Pretrained neural models such as BERT, when fine-tuned to perform natural language inference (NLI), often show high accuracy on standard datasets, but display a surprising lack of sensitivity to word order on controlled challenge sets. We hypothesize that this issue is not primarily caused by the pretrained model’s limitations, but rather by the paucity of crowdsourced NLI examples that might convey the importance of syntactic structure at the fine-tuning stage. We explore several methods to augment standard training sets with syntactically informative examples, generated by applying syntactic transformations to sentences from the MNLI corpus. The best-performing augmentation method, subject/object inversion, improved BERT’s accuracy on controlled examples that diagnose sensitivity to word order from 0.28 to 0.73, without affecting performance on the MNLI test set. This improvement generalized beyond the particular construction used for data augmentation, suggesting that augmentation causes BERT to recruit abstract syntactic representations.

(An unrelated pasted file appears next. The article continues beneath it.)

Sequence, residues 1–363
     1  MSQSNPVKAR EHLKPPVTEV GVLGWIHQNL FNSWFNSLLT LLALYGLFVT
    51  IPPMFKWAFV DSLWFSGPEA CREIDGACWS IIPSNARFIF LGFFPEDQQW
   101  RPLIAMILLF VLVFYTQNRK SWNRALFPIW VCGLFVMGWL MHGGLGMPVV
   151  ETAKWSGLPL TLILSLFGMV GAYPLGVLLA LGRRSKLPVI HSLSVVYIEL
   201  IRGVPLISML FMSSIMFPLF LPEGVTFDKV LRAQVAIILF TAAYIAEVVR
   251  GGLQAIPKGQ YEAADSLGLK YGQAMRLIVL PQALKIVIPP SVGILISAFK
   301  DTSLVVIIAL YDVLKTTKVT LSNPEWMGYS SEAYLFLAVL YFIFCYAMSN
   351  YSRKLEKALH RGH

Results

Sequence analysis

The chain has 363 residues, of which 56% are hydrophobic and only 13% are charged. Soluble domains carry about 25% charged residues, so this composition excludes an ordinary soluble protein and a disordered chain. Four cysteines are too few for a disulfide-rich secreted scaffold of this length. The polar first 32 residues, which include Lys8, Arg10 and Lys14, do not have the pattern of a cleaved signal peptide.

If the same neural network architecture is trained multiple times on the same dataset, will it make similar linguistic generalizations across runs? To study this question, we fine-tuned 100 instances of BERT on the Multi-genre Natural Language Inference (MNLI) dataset and evaluated them on the HANS dataset, which evaluates syntactic generalization in natural language inference. On the MNLI development set, the behavior of all instances was remarkably consistent, with accuracy ranging between 83.6% and 84.8%. In stark contrast, the same models varied widely in their generalization performance. For example, on the simple case of subject-object swap (e.g., determining that “the doctor visited the lawyer” does not entail “the lawyer visited the doctor”), accuracy ranged from 0.0% to 66.2%. Such variation is likely due to the presence of many local minima in the loss surface that are equally attractive to a low-bias learner such as a neural network; decreasing the variability may therefore require models with stronger inductive biases.